to attack the low end of the mobile-computing market,
introducing a Windows CE-based hand held device targeted
at SMBs in the retail and manufacturing markets.
The ruggedized entry-level MC1000, which weighs 7.23
oz. including battery, is best suited for users who
carry out data-capture and numeric-entry applications,
including inventory management, stock checking, delivery
confirmation and a number of applications involving
scanning, company officials said.
|07/19/2005 A Cell Phone,
a Movie Lobby and a Message
This summer, moviegoers walking through theater lobbies
in three cities might have felt a sudden vibration
in their cell phones, the work of a nearby Bluetooth
Last month, 20th Century Fox signed a deal with Loews
Cineplex Entertainment to distribute movie trailers,
ring tones and pictures through kiosks in three Loews
theaters, in New York, Los Angeles and San Francisco.
|07/26/2005 Few Care About
Mobile Video, Survey Finds
Few mobile subscribers have any interest in receiving
video on their phones, according to a survey released
Monday by market research firm In-Stat.
Only one in eight respondents said they were interested
in paying for mobile video, according to the survey.
In addition, the handsets of two-thirds of the respondents
aren't even capable of receiving mobile video, the
|07/18/2005 Feds seek ability
to monitor in-flight cell calls, e-mail
Federal law enforcement officials want the ability
to tap suspicious in-flight cell phone calls and e-mail,
fearing terrorists could use the technology to coordinate
|07/18/2005 Future for
Inflight Cell Phones Looking Grim
Passengers hoping to call Mom from 35,000 feet suffered
a political setback last week in the U.S. House. At
the first congressional hearing on the subject in
years, members of a House subcommittee uniformly derided
the proposal to lift the 14-year-old ban on using
cell phones in flight.
|07/14/2005 Cell Phone
Sales Expected to Slow
Worldwide unit sales of mobile phones are on a record
pace for the fourth consecutive year, but the rate
of growth is slowing significantly, according to a
market study released Wednesday by In-Stat.
The study found that, despite double-digit sales growth
in the last few years, shipments of mobile phones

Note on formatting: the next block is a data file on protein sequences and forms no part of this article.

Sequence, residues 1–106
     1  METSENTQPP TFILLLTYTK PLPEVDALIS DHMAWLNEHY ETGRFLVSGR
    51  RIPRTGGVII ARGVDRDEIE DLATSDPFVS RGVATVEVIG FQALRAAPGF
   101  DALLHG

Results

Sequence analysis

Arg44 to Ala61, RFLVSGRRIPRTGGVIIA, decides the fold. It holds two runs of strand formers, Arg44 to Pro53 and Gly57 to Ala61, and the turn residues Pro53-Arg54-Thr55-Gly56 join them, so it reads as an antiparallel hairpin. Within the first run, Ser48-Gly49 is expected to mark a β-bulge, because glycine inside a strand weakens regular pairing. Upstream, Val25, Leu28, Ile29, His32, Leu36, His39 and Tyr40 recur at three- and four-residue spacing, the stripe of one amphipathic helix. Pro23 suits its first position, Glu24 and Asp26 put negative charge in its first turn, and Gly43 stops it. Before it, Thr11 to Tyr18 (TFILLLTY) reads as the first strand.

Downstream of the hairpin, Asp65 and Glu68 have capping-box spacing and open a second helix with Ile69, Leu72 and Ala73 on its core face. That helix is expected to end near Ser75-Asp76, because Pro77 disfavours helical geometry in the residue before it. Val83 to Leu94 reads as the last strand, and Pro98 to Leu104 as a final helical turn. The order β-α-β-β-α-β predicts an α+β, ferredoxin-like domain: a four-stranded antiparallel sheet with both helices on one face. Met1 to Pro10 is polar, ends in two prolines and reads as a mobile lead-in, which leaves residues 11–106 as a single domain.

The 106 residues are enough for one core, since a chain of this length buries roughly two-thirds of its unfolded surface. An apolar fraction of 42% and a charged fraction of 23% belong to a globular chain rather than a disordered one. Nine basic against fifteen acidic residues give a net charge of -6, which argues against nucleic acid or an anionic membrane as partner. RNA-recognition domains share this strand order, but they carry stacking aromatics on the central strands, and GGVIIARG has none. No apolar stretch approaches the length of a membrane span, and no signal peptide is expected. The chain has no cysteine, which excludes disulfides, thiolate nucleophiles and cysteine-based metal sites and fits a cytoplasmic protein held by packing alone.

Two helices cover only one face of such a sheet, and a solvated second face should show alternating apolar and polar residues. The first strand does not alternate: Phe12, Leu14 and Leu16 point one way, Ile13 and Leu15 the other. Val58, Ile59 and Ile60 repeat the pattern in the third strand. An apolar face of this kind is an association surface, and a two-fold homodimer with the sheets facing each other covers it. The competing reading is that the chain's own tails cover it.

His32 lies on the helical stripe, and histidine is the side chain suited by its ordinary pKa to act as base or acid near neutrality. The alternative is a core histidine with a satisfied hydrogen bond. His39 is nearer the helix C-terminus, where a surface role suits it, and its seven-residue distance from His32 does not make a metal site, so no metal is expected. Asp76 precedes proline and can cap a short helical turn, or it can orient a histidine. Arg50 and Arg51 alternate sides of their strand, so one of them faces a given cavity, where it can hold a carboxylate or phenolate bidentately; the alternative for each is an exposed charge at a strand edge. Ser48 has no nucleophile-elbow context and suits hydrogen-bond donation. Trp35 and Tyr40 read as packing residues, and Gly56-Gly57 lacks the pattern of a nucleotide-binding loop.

will grow only six percent compared to last year.
"The slowing pace is a result of some mature markets
at, or near, full penetration, and weaker-than-expected
growth in some emerging ones," Allyn Hall, In-Stat's
director of wireless research, said in a statement.
"It's a sign of a maturing industry."
|07/14/2005 Study: Hands-Free
Cell Phones No Safer Than Hand-Helds
State legislatures considering laws to restrict cell
phone use in moving vehicles would be best advised
to forget the measures, according to the Governors
Highway Safety Association (GHSA) response to a study
finding that even hands-free phone devices don't reduce
"GHSA urges state legislatures to refrain from enacting
hand-held cell phone bans because such bans send an
incorrect message to drivers that as long as they
are hands-free, they are safe," said Colonel Jim Champagne,
GHSA Chair, in a statement.
"The message is clear: Drivers should not use ANY
type of cell phone behind the wheel."
|07/14/2005 Mobi on the
Following pressure by mobile phone players, including
Microsoft (Nasdaq: MSFT - news), a new Internet domain
was approved for Web sites designed for wireless phones.
The Internet Corporation for Assigned Names and Numbers
(ICANN) has greenlighted the ".mobi" suffix.
Scheduled to appear in 2006, Web sites using the new
domain will be written for the limited resources of
cell phones, including small screens, memory and bandwidth.
|07/14/2005 Sprint and
The Sprint-Nextel merger is expected to get overwhelming
shareholder approval. Some analystshowever, believe